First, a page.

May Cold Storage Holdings Figures Indicate New May Shipping Record
June 24, 2016
Today’s release of the May Cold Storage Holdings, while impressive, left more questions unanswered than answered. Assuming that the figures are correct, and are not adjusted next month, the industry shipped more pecans in the month of May than during any other May in history; and not by just a little. In May of 1990 the industry shipped 28 million pounds (inshell basis). According to today’s release, the industry shipped over 36 million pounds; a better than 28% increase over the previous record. Adjusting the potential carryout numbers based on today’s release would seem to indicate that US Consumption is only down 13%. When one takes into consideration the recently released Tri-State 2016 crop estimate, total supply could once again top 600 million pounds.
With respect to the 2016 crop, on June 17th, the Tri-State Pecan Growers Association (Arkansas, Louisiana and Mississippi) concluded their annual meeting with the first of the 2016 pecan crop estimates. Based on input from their member growers, they estimate the crop to be 278.5 million pounds (inshell basis). While it is still very early, and while one could certainly argue several of the figures contained in the estimate (i.e. Georgia, New Mexico and Oklahoma), considering that this is supposed to be the ‘off-year,’ the estimate would appear to be in line with historical expectations.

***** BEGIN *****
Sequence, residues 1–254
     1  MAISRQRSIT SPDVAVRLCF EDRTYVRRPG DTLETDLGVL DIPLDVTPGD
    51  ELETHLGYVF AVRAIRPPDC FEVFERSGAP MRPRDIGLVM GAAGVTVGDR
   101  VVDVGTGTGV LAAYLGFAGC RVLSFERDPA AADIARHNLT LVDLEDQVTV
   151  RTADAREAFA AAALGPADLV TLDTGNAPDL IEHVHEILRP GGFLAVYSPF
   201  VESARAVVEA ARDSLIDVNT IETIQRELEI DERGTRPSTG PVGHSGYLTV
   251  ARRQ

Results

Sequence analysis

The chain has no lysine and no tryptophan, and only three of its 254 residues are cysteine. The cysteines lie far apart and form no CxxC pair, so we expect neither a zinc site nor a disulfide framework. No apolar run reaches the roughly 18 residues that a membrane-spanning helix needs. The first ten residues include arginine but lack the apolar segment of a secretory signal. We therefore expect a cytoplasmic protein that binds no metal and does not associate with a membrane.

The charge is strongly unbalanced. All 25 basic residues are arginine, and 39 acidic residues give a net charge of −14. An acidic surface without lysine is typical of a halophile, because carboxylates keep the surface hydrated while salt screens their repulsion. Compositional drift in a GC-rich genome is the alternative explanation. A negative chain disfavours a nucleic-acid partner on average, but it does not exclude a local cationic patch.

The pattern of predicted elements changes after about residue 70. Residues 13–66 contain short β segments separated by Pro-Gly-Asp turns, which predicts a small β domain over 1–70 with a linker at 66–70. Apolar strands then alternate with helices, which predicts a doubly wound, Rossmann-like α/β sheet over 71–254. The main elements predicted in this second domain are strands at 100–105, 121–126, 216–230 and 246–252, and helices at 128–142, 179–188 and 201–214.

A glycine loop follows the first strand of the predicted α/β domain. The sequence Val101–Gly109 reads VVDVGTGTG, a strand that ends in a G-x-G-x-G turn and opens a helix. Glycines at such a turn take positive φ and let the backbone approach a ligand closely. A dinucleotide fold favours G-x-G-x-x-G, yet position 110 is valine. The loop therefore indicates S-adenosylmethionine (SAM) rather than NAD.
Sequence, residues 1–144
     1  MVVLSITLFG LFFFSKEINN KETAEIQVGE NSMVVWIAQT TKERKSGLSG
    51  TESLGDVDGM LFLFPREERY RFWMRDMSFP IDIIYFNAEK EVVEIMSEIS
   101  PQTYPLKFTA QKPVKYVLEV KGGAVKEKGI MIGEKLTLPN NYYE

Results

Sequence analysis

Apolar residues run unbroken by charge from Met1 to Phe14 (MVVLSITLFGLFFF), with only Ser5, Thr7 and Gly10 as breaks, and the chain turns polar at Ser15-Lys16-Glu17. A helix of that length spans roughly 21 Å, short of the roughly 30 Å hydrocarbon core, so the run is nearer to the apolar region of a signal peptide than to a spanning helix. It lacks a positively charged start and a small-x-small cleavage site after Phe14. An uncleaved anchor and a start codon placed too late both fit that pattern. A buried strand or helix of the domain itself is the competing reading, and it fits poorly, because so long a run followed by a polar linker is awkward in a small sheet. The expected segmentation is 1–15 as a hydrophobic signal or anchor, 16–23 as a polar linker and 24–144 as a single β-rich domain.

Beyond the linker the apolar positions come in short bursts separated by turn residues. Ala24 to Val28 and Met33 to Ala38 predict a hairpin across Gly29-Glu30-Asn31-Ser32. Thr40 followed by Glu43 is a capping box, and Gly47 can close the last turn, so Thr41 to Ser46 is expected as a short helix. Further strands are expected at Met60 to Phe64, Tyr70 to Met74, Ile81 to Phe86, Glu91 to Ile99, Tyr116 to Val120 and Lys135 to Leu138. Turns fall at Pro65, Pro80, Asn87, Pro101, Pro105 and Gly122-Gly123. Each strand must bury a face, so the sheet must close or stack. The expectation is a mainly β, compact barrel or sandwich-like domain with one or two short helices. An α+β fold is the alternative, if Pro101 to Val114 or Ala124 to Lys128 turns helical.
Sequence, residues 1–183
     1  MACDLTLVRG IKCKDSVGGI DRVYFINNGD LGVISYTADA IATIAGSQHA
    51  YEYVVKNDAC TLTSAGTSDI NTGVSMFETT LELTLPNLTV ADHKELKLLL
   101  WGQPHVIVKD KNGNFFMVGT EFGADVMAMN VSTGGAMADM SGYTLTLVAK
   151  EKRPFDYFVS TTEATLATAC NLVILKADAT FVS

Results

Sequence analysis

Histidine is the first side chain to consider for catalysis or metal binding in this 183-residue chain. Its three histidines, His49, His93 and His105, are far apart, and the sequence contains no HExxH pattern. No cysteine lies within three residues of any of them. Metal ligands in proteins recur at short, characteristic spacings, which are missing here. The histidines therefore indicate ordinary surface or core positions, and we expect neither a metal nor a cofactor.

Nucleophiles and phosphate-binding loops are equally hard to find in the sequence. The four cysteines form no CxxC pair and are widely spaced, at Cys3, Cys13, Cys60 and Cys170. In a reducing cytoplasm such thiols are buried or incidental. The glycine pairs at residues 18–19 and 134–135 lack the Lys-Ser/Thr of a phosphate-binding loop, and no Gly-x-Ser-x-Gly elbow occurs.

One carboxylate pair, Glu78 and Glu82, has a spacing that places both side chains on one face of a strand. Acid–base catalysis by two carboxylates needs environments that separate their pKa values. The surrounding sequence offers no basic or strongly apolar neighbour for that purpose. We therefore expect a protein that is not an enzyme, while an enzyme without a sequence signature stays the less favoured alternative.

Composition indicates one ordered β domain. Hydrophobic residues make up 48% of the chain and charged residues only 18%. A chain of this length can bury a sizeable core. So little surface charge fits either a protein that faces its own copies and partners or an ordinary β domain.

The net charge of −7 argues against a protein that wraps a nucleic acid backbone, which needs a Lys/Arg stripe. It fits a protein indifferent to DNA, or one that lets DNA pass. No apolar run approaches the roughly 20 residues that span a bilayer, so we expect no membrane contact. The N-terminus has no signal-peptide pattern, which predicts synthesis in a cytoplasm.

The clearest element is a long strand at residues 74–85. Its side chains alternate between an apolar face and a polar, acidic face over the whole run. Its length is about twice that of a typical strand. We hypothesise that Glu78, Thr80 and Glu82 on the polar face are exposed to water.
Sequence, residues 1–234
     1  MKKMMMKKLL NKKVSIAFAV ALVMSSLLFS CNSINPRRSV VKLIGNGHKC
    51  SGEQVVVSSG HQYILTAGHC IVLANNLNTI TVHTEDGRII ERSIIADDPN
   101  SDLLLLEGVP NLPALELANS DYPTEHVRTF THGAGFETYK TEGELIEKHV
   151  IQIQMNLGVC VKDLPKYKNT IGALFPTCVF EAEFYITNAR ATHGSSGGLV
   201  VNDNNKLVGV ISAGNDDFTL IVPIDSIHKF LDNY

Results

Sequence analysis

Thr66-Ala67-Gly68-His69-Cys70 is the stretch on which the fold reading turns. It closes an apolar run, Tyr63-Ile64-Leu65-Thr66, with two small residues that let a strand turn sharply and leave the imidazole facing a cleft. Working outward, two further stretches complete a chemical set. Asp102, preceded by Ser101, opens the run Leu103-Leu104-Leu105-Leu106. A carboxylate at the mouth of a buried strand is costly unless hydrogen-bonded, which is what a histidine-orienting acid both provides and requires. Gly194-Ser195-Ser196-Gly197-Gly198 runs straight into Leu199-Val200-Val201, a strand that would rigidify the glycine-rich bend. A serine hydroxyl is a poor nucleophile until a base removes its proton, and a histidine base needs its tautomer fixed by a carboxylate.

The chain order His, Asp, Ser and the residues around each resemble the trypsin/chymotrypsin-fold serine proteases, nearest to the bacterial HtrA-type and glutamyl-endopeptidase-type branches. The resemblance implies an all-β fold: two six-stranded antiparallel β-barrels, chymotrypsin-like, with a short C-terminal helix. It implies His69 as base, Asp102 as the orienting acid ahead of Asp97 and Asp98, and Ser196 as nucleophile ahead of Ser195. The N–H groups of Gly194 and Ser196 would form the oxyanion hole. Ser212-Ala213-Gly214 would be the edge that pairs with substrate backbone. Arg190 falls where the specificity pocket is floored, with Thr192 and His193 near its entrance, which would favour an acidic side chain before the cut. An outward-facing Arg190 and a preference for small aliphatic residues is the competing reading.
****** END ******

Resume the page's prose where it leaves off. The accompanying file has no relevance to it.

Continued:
Mexico continues to ship product to the US at a record pace. Through June 20th, Mexico has shipped 6.7 million more pounds then they did during the same period last year. With almost 194 million pounds (inshell basis) having crossed the border to date, and 37 more shipping days in the FAS year, it is certainly conceivable that Mexico could duplicate last year’s record.
As for South Africa, the harvest is progressing well, albeit slower than expected. Quality is very good, and with no inshell inventory left in the US, China is paying near record prices to insure that they will have enough inventory to handle their Autumn festivals. Due to the larger than expected size of the South African crop, China may not need to jump into the Georgia market as heavily, or as early, as they have in the past.
Finally, while overall exports have been down all year, April marked the first time that meat exports also fell. Total exports continue to be about 14% below the same period as a year ago; competition from cheaper alternatives being one of the biggest reasons. While both walnut and almond prices have firmed in the past few weeks, Combination Walnut Halves and Pieces are still selling well below $2/lb. Current crop Nonpareil Supreme 23/25 Almonds are trading around $3.35/lb. As such, it is going to be difficult to duplicate last month’s shipping figures many more times in the months ahead.
As usual, should you have any questions, please do not hesitate to contact me at 630-879-5200.